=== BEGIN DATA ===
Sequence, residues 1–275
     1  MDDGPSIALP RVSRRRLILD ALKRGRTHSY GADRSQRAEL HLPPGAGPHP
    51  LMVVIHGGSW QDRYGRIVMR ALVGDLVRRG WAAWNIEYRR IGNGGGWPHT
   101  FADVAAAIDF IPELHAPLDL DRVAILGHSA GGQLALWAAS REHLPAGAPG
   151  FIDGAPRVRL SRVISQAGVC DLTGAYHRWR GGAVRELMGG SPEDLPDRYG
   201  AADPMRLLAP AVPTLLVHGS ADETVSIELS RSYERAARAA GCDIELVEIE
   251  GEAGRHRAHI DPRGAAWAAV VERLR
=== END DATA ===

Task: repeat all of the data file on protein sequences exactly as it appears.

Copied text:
Sequence, residues 1–275
     1  MDDGPSIALP RVSRRRLILD ALKRGRTHSY GADRSQRAEL HLPPGAGPHP
    51  LMVVIHGGSW QDRYGRIVMR ALVGDLVRRG WAAWNIEYRR IGNGGGWPHT
   101  FADVAAAIDF IPELHAPLDL DRVAILGHSA GGQLALWAAS REHLPAGAPG
   151  FIDGAPRVRL SRVISQAGVC DLTGAYHRWR GGAVRELMGG SPEDLPDRYG
   201  AADPMRLLAP AVPTLLVHGS ADETVSIELS RSYERAARAA GCDIELVEIE
   251  GEAGRHRAHI DPRGAAWAAV VERLR